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Thanks to Hurricane Harvey, we have had to cancel our kid-free weekend trip to San Diego. Thank you to all who gave recommendations for that trip, I have saved all of them for when we eventually get to reschedule.
Even though we don’t live directly on the Texas coast, with the insane rainfall predictions they were talking about it, didn’t feel right to leave grandparents and our two little kids here to battle potential flood waters, drainage issues, electricity issues, and more while we jetted off to enjoy the California coast. It was not fun at all making the call to cancel the trip based on ever-changing forecasts, but even though the storm has jogged a little further south than they were saying when we made the decision, I think it was the right call.
The major US airlines pretty much all had proactive weather waivers issued for days in advance of the hurricane, but technically speaking they didn’t allow for just any sort of change. In United’s case they allowed for free changes to your travel as long as you kept the origin and departure cities the same and traveled by August 30th. Sadly, because of kid coverage, school, and work commitments we couldn’t just delay our trip a few days. If we couldn’t go over the weekend, we simply couldn’t go.
I knew that the airlines wouldn’t just proactively refund our non-refundable tickets as that usually is only an option if they cancel or significantly delay your specific flight, but I really hoped they would just let us cancel and get a credit to use towards a future flight. We had a few different tickets pieced together for this trip, so first I sent United a direct message on Twitter with our situation to see if they could help. Hours later they hadn’t responded, so I called and after a brief hold I was told they could indeed cancel and give us a credit to use towards a future flight.
As soon as I hung up with them I went to use the credit as we needed to fly Josh home the next day from LAX in advance of the weather, and their online system was trying to charge me a $200 change fee in order to use the credit. This is what I was trying to avoid when I called, so I wasn’t thrilled to have accomplished essentially nothing on the first call. The next lady I talked to said that I couldn’t just change cities and use the credit towards whatever I wanted, but after another hold she essentially said that I could. She then helped me use one of the credits to book Josh home the next day from LAX and said that the remaining portion of that credit would be mailed to us within a couple of weeks.
I then logged on to check Josh into his flight that was now within 24 hours, but the system said I couldn’t because the flight was not within 24 hours. Turns out, she had booked it for two days out, not the next day. By this point it was way passed dinnertime, my kids were starving, and I couldn’t afford a third call to United to try and fix this, so I just did what I could online, paid an additional $66 to move the flight to the correct date, and got him checked in.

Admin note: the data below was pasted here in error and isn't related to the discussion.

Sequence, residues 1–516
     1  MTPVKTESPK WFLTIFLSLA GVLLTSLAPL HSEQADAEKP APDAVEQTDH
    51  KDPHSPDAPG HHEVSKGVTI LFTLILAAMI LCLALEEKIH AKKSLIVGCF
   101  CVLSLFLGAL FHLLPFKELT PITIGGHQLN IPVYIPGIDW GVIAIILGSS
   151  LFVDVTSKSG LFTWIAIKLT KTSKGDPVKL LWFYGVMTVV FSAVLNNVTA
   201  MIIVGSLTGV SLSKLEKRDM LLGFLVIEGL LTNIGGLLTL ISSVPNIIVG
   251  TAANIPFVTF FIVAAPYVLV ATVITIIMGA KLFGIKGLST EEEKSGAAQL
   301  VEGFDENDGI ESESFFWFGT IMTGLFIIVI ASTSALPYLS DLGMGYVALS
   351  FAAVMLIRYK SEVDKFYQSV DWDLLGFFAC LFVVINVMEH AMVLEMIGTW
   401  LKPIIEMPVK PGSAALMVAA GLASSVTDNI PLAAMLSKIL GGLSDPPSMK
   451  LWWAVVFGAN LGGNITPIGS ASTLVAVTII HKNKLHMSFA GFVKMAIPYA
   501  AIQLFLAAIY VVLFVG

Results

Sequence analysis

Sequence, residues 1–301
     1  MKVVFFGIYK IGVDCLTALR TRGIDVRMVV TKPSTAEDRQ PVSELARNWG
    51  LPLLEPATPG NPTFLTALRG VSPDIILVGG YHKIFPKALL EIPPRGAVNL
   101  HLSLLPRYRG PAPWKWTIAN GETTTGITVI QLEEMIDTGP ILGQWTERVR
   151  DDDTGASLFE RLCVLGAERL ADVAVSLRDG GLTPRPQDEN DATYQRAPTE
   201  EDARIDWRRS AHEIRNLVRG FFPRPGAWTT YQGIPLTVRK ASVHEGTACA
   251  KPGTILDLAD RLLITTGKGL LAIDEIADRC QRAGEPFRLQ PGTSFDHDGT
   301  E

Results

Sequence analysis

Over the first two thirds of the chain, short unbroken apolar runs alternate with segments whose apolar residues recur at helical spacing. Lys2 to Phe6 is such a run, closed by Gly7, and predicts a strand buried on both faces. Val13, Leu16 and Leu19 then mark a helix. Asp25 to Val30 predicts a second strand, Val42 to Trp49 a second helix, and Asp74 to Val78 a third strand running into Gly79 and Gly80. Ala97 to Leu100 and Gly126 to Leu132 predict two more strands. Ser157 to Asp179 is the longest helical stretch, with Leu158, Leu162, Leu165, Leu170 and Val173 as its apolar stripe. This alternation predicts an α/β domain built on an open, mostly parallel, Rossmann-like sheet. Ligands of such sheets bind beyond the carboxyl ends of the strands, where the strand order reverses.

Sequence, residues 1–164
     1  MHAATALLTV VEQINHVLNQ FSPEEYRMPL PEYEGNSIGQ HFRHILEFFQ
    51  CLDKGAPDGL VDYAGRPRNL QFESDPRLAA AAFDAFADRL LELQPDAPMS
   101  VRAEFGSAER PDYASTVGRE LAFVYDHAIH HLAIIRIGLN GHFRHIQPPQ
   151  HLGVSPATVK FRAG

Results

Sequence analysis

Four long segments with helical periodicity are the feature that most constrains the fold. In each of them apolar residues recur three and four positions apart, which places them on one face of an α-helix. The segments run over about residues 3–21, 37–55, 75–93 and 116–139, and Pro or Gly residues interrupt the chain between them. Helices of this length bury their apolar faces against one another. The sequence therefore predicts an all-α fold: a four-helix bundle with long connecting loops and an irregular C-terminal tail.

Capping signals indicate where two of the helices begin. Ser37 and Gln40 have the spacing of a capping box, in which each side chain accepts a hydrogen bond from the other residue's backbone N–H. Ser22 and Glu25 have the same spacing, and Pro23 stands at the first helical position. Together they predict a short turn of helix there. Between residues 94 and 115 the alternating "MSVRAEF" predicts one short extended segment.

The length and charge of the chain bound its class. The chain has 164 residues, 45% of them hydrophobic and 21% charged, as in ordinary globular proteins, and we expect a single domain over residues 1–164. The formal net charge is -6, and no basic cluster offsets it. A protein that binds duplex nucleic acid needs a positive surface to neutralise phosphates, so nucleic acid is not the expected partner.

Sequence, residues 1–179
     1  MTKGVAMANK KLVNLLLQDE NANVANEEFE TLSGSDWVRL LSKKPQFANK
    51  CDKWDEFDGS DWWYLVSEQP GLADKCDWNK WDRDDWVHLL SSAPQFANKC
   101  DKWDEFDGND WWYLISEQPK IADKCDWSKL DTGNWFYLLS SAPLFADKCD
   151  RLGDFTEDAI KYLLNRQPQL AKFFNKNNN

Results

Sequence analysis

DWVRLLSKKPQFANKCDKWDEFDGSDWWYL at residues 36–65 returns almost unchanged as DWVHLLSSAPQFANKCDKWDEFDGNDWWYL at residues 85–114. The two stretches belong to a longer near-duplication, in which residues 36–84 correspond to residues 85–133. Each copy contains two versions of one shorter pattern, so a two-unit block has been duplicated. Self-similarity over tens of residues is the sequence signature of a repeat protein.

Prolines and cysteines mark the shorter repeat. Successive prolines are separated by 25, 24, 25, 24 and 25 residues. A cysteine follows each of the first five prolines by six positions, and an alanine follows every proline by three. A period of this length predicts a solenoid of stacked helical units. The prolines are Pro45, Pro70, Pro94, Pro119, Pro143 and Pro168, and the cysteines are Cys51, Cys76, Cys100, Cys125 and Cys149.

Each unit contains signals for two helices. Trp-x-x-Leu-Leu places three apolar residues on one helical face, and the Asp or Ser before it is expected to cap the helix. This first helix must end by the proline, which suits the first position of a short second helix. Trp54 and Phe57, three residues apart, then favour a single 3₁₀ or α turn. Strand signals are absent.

While I am grateful that United was allowing some changes in light of the hurricane, the process took a bunch of time, multiple phone calls, cost more than it needed to, and still isn’t complete as I have another outstanding credit from my outbound flight that I will need to call about as it is also still trying to charge the $200 change fee to use the credit if I don’t keep the cities the same and travel by August 30th.
Since Josh was working in Los Angeles this week, but we were going to meet in San Diego on Friday, I used the $100 statement credit on a Delta purchase in the first 3 months on my Platinum Delta SkyMiles® Business Credit Card from American Express I got earlier this summer to offset some of the cost his one-way flight within California. Obviously, neither Los Angeles or San Diego are impacted by Hurricane Harvey, so I figured this flight may be one part of the trip that we just lose.
As a shot in the dark, I sent @Delta a direct message on Twitter explaining the situation and asking if there was anything we could do as opposed to just letting the flight go to waste. Within about 15 minutes they had written back that it was all taken care of with no problems and we have a credit to use towards a future flight.
Are you serious?!
I didn’t have to call. I didn’t have to call a second or third time. These were cities that weren’t even under a weather waiver, and yet I got no grief, didn’t have to beg for mercy, and it was all taken care of so quickly and easily.
Is Delta always this awesome?
I’ve flown Delta several times this year on non-stops from Houston to Salt Lake City, Atlanta, and LaGuardia, and I’ve had a good experience every single time. Their frequent flyer program isn’t my all-time favorite, though it actually has some real strengths, but if working with them is usually this simple I will continue to book with them as often as it makes sense.
I vastly prefer to resolve my airline issues online rather than deal with the hold times and uncertainty that comes from phone conversations, and Delta is known as one of the best for addressing customer service issues through Direct Message on Twitter. A huge thank you to the Delta Twitter team for making it so easy to get help when our trip went belly-up. I didn’t have to spend any extra time or energy dealing with that flight segment, but because the process was so easy it left me feeling encouraged that we had a credit to use in the future rather than beat down by the process.
Good luck to those impacted by Hurricane Harvey and I’d love to hear if you have similar Delta stories!
Editorial Note: The opinions expressed here are mine and not provided, reviewed, by any bank, card issuer, or other company unless otherwise stated.